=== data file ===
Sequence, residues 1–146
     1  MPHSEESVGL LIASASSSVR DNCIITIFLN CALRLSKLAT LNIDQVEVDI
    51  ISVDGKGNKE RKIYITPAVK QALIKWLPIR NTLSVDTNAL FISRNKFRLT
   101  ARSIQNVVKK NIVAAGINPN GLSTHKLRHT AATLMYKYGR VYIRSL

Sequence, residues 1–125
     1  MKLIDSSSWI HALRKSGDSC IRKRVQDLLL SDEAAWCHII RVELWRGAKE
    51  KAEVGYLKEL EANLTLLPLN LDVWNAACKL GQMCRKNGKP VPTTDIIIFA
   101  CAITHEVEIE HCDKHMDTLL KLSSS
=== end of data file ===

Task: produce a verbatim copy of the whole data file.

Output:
Sequence, residues 1–146
     1  MPHSEESVGL LIASASSSVR DNCIITIFLN CALRLSKLAT LNIDQVEVDI
    51  ISVDGKGNKE RKIYITPAVK QALIKWLPIR NTLSVDTNAL FISRNKFRLT
   101  ARSIQNVVKK NIVAAGINPN GLSTHKLRHT AATLMYKYGR VYIRSL

Sequence, residues 1–125
     1  MKLIDSSSWI HALRKSGDSC IRKRVQDLLL SDEAAWCHII RVELWRGAKE
    51  KAEVGYLKEL EANLTLLPLN LDVWNAACKL GQMCRKNGKP VPTTDIIIFA
   101  CAITHEVEIE HCDKHMDTLL KLSSS